Setting Sun Steeps Central Vermont in Tea

By Sarah Davin

Inside the Setting Sun Tea Hut. Photo by Sarah Davin

Like a mystical call to destiny, the idea and design for the Setting Sun Tea Hut in Plainfield came to Ben Youngbaer in a dream. The small, wooden structure, which has an incredible view of the mountains from East Hill Road, was designed by Youngbaer to resemble a traditional Japanese tea hut, with 4 and ½ tatami mats covering the dimensions of the floor.

Together with his father, Youngbaer constructed the tea hut on his family’s property, a few dozen feet from the home in which he was born. Youngbaer said, “We didn’t know how to build in a Japanese way, and we didn’t know Japanese architecture, which can sometimes be very specific. They do a lot of butterfly joints and complex things beyond my and my father’s skill level, who has built houses in the past.”

Although the tea hut is designed to look like it would fit in well in a traditional East Asian landscape, there are some details that reveal its Vermont foundations. “Basically we framed as  you would normally frame a wall and the floor. The roof was a little bit more complex. It’s a hipped roof, with cedar posts on the corners that were cut from our woods. It’s not very precise, but I think it works well with the atmosphere of a tea ceremony,” said Youngbaer.

The Setting Sun Tea Hut not only its gets its name from its excellent view of the setting sun, but its location on the globe. “The name Setting Sun Tea Hut comes from the beautiful sunset views, but also from Japan being the land of the rising sun, and we’re basically on the opposite side of the Earth, so I felt Setting Sun worked well for that—this East meets West vibe,” Youngbaer elaborated.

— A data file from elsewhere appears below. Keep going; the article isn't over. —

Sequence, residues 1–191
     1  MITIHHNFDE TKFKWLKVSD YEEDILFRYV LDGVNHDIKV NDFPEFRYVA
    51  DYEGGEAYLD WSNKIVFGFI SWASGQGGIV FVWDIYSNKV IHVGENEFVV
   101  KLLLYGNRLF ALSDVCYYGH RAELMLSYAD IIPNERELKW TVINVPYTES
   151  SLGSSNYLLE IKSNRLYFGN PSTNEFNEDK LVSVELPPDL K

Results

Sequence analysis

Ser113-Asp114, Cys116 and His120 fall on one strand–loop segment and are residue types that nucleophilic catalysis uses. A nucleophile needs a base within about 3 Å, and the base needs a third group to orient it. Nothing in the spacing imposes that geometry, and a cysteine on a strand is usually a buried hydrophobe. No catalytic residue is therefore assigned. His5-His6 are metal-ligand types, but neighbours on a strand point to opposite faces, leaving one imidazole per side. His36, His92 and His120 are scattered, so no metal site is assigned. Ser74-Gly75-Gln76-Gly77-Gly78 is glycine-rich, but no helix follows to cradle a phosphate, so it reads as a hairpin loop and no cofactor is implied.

Youngbaer’s business differs from others in that it does not primarily focus on selling teas, preferring instead to emphasize the educational experience. But he does make an effort to make sure his students have the opportunity to access the teas he teaches about. “I do purchase tea, and I sell some tea, but it’s not my primary income. My focus is education, not sales, but if I’m teaching something about tea, I want to be able to offer some and not just give information.” Since the tea hut’s opening in 2015, Youngbaer has taught more than 30 classes about tea making.

As a young person growing up in Central Vermont, Youngbaer’s first exposure to real loose-leaf tea was thanks to Perennial Pleasures’ tea garden in East Hardwick. “I never developed a taste for coffee, so I was always seeking out other options. At a cafe or coffee shop, what else do they have? So, rather than blindly going in and ordering something I wasn’t going to like just to feel like I was using their space, I started drinking tea and learning a little bit more about it. I started thinking, ‘Oh, what tea do I like? What’s going on here?’”

In 2007, while a student at Burlington College, a visit to Dobra Tea on Church Street in Burlington gave him an opportunity to explore a wide variety of teas. “I went to Dobra Tea for the first time with some friends. I started going there every day or every other day. I tried to learn as much as I could about tea. Then, I started working there in 2010 and continued for four years. It really took off from there.” In addition, Youngbaer has traveled to China to learn about tea first hand, including visiting tea gardens and production facilities.

Youngbear hopes Setting Sun will bring new tea enthusiasts into the community. “I think when you have a teahouse space that is cultivating the education, then it just grows that network even further. I’ve had some people come here who have not exactly started their own tea practice but have become more daily tea drinkers.”

Luckily, tea fanatics and initiates are in good company in Vermont. Youngbaer says that there is a wonderful community and recommends the Stone Leaf Teahouse in Middlebury, which is run by his friend, John Wetzel, as a place to find fellow enthusiasts. “He has had a lot of people who worked with him over the years who are passionate about tea and have done some traveling to further their education. Closer to home, North Branch Cafe on State Street in Montpelier offers an impressive menu of high-quality global teas, and there’s a fine selection at Grian Herbs on Elm Street, as well.

For those interested in learning more about tea, Youngbaer will host an open house at Setting Sun on April 20, from

10 am to 2 pm. Snacks will be available and donations will help cover the cost of the event. For a more expansive experience, there will be a five-day summer tea retreat from July 8 to July 12. Youngbear also appears weekly at the Plainfield farmers market on Friday, where he serves tea and sells tea and tea wares.

For more information about Setting Sun Tea Hut, visit settingsunteahut.weebly.com

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